You can also make a twiggy ring from willow (as below), or from dogwood, birch or other pliable stems, and use that as your base. Tie or weave in lengths of ivy, bunches of berries, dried hydrangea flowers, or whatever you’re having yourself.
The ring is pretty, in a Thomas Hardy sort of way. It is perfect for the cow byre — or for a garden shed, or for a wall decoration on a porch. But it lacks the plump sumptuousness that we like to see on a front door wreath. (The twiggy base, though, will last for a year or two, and you can use it as kindling when you’re tired of it.)
Skimmia berries are excellent fodder for Christmas wreaths and garlands: birds don’t eat them, so you can be sure of finding some on shrubs in December. You may need to wire two or three bunches together to make a cluster large enough to make an impression. If you don’t have a skimmia bush (and we got rid of ours shortly after I made the above wreath), you can buy hypericum berries from a florist, or use any bright berry or fruit. Christmas wreaths need a touch of gaudiness to bring cheer to this dark season, so don’t try to be too sophisticated and monochromatic. Our trusty tin of magnolia paint was wheeled out again for the birch twigs here, and for the ears of wheat — which I’d grown during the summer.
Oh, look! It’s the painted birch again — but really, the pale, wispiness does help to lift the whole thing. Chillies offer up spots of red, while gold and silver love-in-a-mist (Nigella damescena) provide the glitzy bits. Our old friend the Dodonaea is making its final appearance (the wind uprooted it a few months later), and the fine froth of green foliage spiralling around the edge is a very rare (at least in Ireland and Britain) tree: Casuarina cunninghamiana. It’s dead too: killed by the Big Freeze of 2010. Its wood, however, is now nicely seasoned, and has been burning steadily in the stove behind me as I write this post.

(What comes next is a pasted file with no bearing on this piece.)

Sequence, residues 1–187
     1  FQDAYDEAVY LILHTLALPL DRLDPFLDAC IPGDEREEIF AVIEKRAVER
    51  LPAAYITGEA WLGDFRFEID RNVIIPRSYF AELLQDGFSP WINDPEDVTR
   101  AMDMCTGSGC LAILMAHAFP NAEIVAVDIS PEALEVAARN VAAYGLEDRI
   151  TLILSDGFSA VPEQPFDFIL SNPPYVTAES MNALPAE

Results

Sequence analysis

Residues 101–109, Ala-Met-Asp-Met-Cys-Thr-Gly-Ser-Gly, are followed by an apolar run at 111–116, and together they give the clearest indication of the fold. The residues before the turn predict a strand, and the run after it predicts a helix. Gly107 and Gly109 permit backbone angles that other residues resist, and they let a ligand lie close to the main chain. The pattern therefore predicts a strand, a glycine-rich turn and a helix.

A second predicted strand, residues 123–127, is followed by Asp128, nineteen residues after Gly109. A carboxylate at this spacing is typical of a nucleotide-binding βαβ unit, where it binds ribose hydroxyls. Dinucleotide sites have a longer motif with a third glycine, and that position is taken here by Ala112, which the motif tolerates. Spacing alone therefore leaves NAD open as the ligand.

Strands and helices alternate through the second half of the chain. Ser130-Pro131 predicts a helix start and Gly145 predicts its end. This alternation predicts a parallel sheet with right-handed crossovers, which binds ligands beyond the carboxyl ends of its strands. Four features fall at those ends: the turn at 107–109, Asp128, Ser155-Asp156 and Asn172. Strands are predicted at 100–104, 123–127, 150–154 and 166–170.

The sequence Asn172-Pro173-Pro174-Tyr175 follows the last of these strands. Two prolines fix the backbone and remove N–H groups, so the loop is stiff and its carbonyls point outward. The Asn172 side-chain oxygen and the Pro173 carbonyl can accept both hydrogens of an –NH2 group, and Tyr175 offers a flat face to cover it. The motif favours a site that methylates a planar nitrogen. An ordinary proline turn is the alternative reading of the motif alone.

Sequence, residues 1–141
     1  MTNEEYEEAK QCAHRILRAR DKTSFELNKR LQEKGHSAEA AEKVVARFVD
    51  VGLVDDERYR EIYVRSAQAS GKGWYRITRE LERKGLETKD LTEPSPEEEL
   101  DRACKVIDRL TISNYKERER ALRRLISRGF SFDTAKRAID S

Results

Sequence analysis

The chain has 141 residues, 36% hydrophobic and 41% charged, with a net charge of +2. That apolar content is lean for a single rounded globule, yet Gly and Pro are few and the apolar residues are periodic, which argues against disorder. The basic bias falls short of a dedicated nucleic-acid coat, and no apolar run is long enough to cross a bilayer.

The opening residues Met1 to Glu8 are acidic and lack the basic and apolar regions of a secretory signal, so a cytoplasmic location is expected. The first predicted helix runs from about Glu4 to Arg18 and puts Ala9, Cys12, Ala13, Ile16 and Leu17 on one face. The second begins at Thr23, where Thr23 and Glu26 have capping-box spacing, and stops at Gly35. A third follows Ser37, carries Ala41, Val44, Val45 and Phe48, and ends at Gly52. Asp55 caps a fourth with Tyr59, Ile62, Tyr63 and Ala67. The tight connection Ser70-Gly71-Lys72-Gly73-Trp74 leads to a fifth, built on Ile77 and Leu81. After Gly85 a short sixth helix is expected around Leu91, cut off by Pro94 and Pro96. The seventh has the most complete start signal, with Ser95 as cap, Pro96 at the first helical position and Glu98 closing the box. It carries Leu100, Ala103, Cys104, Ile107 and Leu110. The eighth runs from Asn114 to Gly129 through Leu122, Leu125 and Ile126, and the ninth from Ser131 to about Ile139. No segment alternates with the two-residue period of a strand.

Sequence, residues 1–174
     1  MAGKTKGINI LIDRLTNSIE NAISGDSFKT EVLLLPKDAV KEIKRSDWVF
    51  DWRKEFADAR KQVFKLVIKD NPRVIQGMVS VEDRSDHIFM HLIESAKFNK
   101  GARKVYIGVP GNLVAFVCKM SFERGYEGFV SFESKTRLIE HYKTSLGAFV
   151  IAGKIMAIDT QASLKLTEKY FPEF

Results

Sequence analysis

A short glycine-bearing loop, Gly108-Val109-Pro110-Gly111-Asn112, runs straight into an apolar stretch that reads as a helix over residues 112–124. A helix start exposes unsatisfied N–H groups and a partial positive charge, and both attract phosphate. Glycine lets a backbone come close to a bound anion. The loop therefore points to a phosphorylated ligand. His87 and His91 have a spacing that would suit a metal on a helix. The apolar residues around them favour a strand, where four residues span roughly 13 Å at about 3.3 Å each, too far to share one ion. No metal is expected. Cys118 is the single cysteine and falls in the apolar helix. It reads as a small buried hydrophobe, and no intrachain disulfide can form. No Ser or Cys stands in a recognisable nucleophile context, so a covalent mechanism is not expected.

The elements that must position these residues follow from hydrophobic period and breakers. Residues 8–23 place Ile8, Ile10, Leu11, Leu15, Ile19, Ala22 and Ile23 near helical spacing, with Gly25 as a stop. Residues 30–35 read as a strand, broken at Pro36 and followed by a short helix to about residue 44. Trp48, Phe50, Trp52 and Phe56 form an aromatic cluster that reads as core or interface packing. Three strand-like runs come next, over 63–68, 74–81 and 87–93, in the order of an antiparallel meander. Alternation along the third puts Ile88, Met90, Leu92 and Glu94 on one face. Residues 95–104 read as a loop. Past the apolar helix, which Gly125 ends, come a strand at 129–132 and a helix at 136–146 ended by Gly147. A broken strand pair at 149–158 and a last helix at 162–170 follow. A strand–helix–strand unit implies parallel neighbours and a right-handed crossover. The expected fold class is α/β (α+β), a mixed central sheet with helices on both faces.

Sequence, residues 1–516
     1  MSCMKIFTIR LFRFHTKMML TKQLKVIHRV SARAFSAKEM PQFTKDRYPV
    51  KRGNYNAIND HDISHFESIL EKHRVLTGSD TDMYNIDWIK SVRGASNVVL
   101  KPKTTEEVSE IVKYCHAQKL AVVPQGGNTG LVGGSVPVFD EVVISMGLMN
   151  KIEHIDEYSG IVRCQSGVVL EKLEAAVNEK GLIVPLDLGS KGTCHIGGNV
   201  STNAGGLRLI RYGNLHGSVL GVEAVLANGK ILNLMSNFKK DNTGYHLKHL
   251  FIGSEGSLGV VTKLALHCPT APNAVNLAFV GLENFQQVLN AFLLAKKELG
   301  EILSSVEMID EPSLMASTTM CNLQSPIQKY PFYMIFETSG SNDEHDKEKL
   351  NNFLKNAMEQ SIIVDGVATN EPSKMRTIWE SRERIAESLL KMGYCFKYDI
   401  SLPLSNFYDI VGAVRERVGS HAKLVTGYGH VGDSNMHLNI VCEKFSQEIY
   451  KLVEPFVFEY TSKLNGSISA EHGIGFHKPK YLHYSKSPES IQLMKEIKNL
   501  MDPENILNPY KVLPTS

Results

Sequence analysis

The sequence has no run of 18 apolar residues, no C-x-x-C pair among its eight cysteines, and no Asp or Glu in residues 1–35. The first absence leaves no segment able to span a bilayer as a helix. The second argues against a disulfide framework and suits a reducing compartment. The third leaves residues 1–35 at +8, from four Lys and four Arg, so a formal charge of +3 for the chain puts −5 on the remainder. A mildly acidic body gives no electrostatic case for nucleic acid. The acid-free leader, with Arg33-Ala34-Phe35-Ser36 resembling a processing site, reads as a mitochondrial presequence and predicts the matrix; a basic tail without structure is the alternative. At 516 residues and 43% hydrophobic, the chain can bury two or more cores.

November 7, 2011 § 13 Comments
The recent gales on the east coast of Ireland dumped inches of rain onto the land. Much of it ended up as floods — yet another one of those “once-in-a-hundred-years” disasters that have been occurring with alarming regularity during the past decade.
But let’s talk about that in another post. Instead, I’d like to write about seaweed — for that was the silver lining, as it were, that arrived with those dark cloudy gales. The movie below contains some energetic waves, which were laden with seaweed, although you can see only a little of it. (I’ve included some dogs to liven things up instead.)
Seaweed has been used as a fertiliser and soil conditioner in coastal regions for as long as man has been growing food. In Ireland it was added to the the poor, stony soil on the Aran Islands, and all along the western seaboard. It is especially good for sandy and light soils, as it contains gelatinous substances (alginates) that retain moisture and help bind soil particles together. The Victorians used great quantities of it, often burning it first, and applying the ash. It was recommended especially for asparagus, which originated as a coastal plant. It is still used by some people for vegetables, particularly potatoes.